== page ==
Education featured Labour

Exploiting students and calling it volunteerism: The other problem with the Canada Student Service Grant program

Students rally in support of the Fight for 15 at Dalhousie. Photo Robert Devet

KJIPUKTUK (Halifax) – The WE Charity and its personal connection to the Trudeaus is not the only controversy surrounding the Canada Student Service Grant (CSSG); a program aiming to fill employment gaps by encouraging young people to volunteer for not-for-profit organizations.

Although the initiative claims to benefit the student population, it will lead to their exploitation and further aggravate the growing issue of precarious employment in Nova Scotia and beyond.

By classifying student workers as volunteers, the federal government program denies them the basic employment protections set out by the provinces they are working in. Most dangerously, it exempts student participants from earning a minimum wage.

The grant offers those eligible a one-time payment available at five levels, ranging from $1,000 to $5,000.  $1,000 is paid for every 100-hours of student labour. At a wage rate of $10 per hour, the program allows young workers to be paid less than minimum wage in every provincial jurisdiction.   

In fact, an hour of student labour under this program may be valued at even less than $10 per hour. This is because the grant is calculated using 100-hour thresholds, and hours worked are rounded down. If a student were to work 195-hours, for example, they would only be entitled to a taxable $1,000 payment. This could have dangerous and unfair financial consequences for students involved.

To earn the full $5,000 available before they return to school, student participants will have to work over 50-hours per week (more than full-time hours), without entitlement to overtime pay.

The minimum wage in Nova Scotia is already enormously inadequate. At $12.55 per hour, minimum wage earners are paid almost $7 per hour less than a living wage in the city Halifax. Wages of $10 per hour, or less, will leave many struggling.

See also: A living wage for Halifax and Antigonish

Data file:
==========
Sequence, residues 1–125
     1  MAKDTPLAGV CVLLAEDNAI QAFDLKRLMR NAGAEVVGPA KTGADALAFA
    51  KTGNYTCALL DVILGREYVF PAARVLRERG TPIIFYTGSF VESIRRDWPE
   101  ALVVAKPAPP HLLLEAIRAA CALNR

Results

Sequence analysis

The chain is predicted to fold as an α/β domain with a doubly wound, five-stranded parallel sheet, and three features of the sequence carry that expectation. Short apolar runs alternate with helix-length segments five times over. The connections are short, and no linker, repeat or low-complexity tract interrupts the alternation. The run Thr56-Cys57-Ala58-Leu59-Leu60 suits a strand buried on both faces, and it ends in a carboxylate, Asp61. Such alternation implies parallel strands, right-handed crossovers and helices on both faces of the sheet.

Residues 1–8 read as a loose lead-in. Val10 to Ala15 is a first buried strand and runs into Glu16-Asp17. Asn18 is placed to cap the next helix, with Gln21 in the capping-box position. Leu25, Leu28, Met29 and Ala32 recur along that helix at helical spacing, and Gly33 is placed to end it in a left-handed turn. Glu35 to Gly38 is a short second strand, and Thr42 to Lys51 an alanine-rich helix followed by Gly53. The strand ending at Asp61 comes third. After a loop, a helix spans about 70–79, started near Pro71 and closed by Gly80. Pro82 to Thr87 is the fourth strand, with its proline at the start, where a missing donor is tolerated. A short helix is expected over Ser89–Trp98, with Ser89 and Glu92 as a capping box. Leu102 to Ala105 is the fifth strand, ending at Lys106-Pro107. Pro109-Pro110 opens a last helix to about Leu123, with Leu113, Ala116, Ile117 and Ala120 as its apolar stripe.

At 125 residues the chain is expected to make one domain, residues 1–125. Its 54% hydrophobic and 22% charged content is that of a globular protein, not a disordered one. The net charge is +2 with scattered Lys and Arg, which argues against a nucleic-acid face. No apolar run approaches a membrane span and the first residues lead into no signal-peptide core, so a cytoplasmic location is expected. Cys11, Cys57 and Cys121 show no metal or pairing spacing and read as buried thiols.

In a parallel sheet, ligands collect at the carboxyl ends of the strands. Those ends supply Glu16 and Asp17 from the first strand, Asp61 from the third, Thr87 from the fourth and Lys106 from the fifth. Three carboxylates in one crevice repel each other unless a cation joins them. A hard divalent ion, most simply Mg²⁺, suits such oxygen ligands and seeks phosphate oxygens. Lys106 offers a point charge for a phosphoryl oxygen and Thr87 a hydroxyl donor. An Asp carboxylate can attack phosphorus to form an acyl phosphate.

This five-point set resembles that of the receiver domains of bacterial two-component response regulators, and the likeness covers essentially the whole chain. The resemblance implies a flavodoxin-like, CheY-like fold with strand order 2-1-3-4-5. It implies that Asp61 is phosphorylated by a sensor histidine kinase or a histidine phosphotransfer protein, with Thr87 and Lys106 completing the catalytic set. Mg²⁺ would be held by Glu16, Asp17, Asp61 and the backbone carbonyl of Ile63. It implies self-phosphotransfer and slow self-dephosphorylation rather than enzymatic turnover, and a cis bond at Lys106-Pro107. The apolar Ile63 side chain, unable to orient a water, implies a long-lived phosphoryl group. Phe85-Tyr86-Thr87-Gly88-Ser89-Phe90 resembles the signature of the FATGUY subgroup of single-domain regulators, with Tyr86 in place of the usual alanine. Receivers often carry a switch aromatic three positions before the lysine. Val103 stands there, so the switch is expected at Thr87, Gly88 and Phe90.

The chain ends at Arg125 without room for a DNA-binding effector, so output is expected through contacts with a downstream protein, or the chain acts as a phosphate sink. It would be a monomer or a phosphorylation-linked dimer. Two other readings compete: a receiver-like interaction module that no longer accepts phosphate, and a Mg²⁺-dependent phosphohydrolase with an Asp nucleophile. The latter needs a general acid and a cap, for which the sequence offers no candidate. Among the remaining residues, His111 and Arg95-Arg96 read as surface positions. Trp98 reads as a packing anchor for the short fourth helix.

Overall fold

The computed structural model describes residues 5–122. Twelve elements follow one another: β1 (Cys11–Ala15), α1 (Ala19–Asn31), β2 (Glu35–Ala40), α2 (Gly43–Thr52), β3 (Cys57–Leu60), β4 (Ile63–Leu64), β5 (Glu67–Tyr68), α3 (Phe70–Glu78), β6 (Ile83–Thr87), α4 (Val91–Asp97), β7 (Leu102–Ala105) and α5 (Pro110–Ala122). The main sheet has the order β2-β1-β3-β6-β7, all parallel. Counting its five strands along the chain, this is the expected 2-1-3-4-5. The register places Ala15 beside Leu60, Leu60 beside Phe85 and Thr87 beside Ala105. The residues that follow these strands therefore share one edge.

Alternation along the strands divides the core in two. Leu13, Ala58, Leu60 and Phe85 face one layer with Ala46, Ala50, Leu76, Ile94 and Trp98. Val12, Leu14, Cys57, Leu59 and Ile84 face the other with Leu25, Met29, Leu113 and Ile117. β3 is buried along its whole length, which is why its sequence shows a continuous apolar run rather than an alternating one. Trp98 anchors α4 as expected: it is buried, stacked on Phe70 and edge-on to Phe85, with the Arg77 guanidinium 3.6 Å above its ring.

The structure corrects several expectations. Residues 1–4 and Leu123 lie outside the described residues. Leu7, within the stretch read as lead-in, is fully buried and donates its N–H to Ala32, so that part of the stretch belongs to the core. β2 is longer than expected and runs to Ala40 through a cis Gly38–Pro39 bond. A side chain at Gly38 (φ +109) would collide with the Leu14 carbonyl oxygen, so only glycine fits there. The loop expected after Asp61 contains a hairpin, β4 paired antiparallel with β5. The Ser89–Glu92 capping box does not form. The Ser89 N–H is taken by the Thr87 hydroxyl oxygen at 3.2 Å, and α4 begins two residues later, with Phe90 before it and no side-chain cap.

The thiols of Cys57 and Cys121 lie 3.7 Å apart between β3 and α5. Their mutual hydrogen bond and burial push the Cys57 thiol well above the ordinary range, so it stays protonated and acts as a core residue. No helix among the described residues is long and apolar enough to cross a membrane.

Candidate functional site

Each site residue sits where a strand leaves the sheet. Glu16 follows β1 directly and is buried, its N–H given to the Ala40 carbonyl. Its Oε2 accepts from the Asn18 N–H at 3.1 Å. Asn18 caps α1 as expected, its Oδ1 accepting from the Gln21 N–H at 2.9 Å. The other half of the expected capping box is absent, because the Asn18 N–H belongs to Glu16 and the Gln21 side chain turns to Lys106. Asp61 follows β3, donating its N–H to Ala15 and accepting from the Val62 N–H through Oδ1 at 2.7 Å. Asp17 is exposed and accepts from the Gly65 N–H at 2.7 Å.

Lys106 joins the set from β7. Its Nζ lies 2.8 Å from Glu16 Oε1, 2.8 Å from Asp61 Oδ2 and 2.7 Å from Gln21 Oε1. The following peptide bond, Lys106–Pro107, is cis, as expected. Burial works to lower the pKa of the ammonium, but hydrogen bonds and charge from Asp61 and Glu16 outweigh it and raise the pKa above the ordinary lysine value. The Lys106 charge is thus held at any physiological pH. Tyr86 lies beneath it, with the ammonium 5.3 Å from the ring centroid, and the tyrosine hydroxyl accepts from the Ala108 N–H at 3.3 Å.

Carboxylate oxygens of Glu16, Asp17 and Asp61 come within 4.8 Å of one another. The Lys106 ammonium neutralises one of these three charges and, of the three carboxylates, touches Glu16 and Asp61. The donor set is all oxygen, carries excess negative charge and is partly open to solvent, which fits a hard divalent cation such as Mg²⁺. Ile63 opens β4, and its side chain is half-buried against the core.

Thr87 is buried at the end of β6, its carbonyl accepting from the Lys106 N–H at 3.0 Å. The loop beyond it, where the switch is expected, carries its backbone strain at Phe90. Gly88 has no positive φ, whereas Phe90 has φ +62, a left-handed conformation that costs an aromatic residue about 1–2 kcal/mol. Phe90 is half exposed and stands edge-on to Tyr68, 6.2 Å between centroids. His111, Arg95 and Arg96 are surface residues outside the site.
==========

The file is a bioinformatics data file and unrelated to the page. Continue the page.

“This is jarring for students in Halifax, where the rents are soaring and the vacancy rate leads to non-existent bargaining power,” says Jeremy Hebb, a second-year student at St. Mary’s University in the Bachelor of Arts program. “The large number of students in Halifax who work jobs and collected the CERB remain ineligible and the ones who don’t aren’t typically the ones who needed help in the first place.”  

Although the Canada Student Service Grant program is run by the federal government, it may well violate Nova Scotia’s provincial employment legislation. Legally speaking, “employment” is determined by factors such as the degree of control exercised over work activities, an application process, and a set rate of payment. Work conducted under CSSG meets this criterion. Students involved may therefore be employees, not volunteers, in which case they would be entitled to the minimum provincial employment protections. This includes the right to earn minimum wage and overtime pay, but also to have their employer contribute to Canada Pension Plan and Employment Insurance.

Unfortunately, the legal issues the program raises may go unnoticed by the population it targets. Inexperienced workers tend to be less knowledgeable of their workplace rights than those with years of employment experience. They may also be less aware of how to access the legal support and information needed to challenge unfair treatment.

“It sends a message that the work of students is less valuable and their contributions aren’t worth properly compensating,” says Hebb. “There’s just so many more equitable ways to help out students and it shows the tone-deaf ignorance of our elected officials and their pals working highly compensated jobs at charities.” 

Another point of concern is that CSSG excludes international students, who make up nearly 30% of the post-secondary student population in Canada, and who contribute enormously to the national economy. Not only are international students exempt from CSSG but are also excluded from other student-focused initiatives like the Canada Emergency Student Benefit and the Canada Summer Jobs program.  

“After being left out of the CESB, these students now find themselves ineligible for this program,” says Hebb. “If the goal is to help both charities and students, the restrictions on eligibility are senseless and unfounded in reality. By encouraging our over seven thousand international students to volunteer, the alleged gaps that the government is trying to address through the program would be instantly filled.”

Hebb has no problem with students being offered grants for volunteer hours. “However, when charities start laying off employees and replacing them with government subsidized students… that doesn’t solve anything.”

On June 25, 2020, the Canada Federation of Students released a statement about CSSG and argued that, instead, the federal government should implement a universal benefit for all students, including international students.  

See also: Overpriced and underserved: St Mary’s University’s response to COVID-19 gets a failing grade

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